Open House: A Novel

Open House: A Novel

3.9 120
by Elizabeth Berg

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BONUS: This edition contains an excerpt from Elizabeth Berg's Once Upon a Time, There Was You.

In this superb novel by the beloved author of Talk Before Sleep, The Pull of the Moon, and Until the Real Thing Comes Along, a woman re-creates her life after divorce by opening up her house and her heart.

Samantha's husband has


BONUS: This edition contains an excerpt from Elizabeth Berg's Once Upon a Time, There Was You.

In this superb novel by the beloved author of Talk Before Sleep, The Pull of the Moon, and Until the Real Thing Comes Along, a woman re-creates her life after divorce by opening up her house and her heart.

Samantha's husband has left her, and after a spree of overcharging at Tiffany's, she settles down to reconstruct a life for herself and her eleven-year-old son. Her eccentric mother tries to help by fixing her up with dates, but a more pressing problem is money. To meet her mortgage payments, Sam decides to take in boarders. The first is an older woman who offers sage advice and sorely needed comfort; the second, a maladjusted student, is not quite so helpful. A new friend, King, an untraditional man, suggests that Samantha get out, get going, get work. But her real work is this: In order to emerge from grief and the past, she has to learn how to make her own happiness. In order to really see people, she has to look within her heart. And in order to know who she is, she has to remember—and reclaim—the person she used to be, long before she became someone else in an effort to save her marriage.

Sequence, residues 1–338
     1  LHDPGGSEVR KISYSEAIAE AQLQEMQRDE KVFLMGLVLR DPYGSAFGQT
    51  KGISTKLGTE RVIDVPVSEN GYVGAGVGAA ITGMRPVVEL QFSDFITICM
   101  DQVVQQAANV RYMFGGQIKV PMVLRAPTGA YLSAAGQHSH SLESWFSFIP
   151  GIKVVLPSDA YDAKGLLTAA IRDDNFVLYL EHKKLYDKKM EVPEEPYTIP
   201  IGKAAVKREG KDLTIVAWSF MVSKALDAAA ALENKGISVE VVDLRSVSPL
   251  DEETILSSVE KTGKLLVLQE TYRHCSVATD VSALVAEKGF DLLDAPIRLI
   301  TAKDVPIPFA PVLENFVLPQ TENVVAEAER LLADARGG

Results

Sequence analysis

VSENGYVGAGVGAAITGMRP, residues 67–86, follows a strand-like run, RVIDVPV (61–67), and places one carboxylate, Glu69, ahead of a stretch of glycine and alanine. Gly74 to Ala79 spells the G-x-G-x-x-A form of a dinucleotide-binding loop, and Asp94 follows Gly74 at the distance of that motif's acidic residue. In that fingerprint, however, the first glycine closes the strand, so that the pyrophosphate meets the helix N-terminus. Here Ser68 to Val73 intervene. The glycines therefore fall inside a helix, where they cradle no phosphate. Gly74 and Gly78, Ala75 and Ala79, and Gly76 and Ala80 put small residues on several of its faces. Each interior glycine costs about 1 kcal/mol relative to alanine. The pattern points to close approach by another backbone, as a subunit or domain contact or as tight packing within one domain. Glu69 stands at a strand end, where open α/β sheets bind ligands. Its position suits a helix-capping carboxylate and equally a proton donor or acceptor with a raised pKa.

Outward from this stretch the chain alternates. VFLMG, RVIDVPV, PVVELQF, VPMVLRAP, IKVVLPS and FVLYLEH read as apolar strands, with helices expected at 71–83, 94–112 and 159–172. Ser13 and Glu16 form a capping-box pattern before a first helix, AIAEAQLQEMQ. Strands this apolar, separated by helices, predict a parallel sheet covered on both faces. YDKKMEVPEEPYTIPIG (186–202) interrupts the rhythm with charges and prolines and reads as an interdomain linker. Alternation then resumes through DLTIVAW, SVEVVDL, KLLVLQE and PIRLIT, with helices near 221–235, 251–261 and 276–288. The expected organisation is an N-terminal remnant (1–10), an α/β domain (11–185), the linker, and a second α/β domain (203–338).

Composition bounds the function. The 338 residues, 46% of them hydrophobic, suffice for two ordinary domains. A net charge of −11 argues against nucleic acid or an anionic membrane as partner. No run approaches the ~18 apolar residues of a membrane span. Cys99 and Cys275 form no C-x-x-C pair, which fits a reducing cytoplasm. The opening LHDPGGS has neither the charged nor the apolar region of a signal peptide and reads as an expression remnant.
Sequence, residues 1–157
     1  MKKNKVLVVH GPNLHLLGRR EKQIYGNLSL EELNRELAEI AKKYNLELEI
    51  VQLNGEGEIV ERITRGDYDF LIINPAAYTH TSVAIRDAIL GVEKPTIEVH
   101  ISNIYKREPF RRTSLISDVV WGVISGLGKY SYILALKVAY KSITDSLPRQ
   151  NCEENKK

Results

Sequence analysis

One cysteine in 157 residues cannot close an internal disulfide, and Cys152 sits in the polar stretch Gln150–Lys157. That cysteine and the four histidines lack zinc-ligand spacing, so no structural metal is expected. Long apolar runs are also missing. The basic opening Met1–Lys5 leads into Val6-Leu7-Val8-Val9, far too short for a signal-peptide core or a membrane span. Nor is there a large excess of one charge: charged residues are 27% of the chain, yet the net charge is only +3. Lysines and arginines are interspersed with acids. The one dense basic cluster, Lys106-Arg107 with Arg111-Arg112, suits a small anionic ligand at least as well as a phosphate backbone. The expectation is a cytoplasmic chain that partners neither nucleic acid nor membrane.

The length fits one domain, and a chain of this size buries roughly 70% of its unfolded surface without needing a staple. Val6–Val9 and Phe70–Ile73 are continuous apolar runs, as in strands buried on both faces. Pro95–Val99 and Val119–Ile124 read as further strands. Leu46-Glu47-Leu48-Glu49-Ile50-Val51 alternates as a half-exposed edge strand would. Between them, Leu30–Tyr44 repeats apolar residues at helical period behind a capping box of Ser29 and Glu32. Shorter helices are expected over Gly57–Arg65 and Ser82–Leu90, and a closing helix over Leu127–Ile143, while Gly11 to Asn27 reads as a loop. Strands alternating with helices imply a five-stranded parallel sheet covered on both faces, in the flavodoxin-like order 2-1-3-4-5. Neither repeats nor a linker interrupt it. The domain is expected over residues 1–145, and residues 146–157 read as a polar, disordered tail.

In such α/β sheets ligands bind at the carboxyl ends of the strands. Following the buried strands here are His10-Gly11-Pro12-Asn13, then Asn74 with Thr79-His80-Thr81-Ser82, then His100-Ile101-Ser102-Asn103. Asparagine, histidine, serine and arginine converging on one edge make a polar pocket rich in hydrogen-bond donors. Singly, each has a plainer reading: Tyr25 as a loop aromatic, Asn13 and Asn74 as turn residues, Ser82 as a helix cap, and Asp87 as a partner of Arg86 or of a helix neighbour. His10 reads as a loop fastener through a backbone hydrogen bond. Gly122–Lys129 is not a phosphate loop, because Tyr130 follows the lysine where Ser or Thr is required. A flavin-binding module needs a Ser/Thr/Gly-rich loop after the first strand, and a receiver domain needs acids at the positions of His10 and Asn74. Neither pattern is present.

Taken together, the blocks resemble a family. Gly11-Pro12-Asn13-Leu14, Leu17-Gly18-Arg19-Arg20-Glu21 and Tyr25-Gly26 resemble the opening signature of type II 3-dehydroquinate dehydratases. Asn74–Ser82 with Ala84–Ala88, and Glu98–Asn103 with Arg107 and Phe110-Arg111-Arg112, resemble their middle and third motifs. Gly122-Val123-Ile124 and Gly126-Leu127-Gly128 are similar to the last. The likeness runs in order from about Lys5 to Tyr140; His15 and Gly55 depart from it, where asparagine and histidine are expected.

Open House is a love story about what can blossom between a man and a woman, and within a woman herself.

Editorial Reviews
Open House, Open Heart

Elizabeth Berg has made a name for herself by writing provocative, engaging novels that strike a deep emotional chord with women everywhere. Her topics have ranged from parental estrangement and the death of a dear friend, to the unique bonds that can develop between sisters, or between a straight woman and a gay man. But at the heart of each is a common theme—a woman put to the test, stretched to the limits of her emotional boundaries by the vagaries of life. Berg's latest, Open House, follows this tried-and-true formula by telling the story of one woman's struggle to survive divorce.

Throughout the 20 years of her marriage, Samantha Morrow has been content with her life, though she knows it isn't perfect. She has a nice home, a great son, and a husband she loves. But everything is turned upside down when her husband, David, tells her he wants out of their marriage. His rapid departure on the heels of this announcement leaves Sam horribly shocked, utterly confused, and oddly obsessed with Martha Stewart. Her initial reaction is to go on a spending spree, charging thousands of dollars worth of merchandise at Tiffany's to her husband's credit card. But when reality sets in and her husband cuts her off, she realizes that if she wants to keep the house she loves and make a home for herself and her son, she's going to have to generate some income.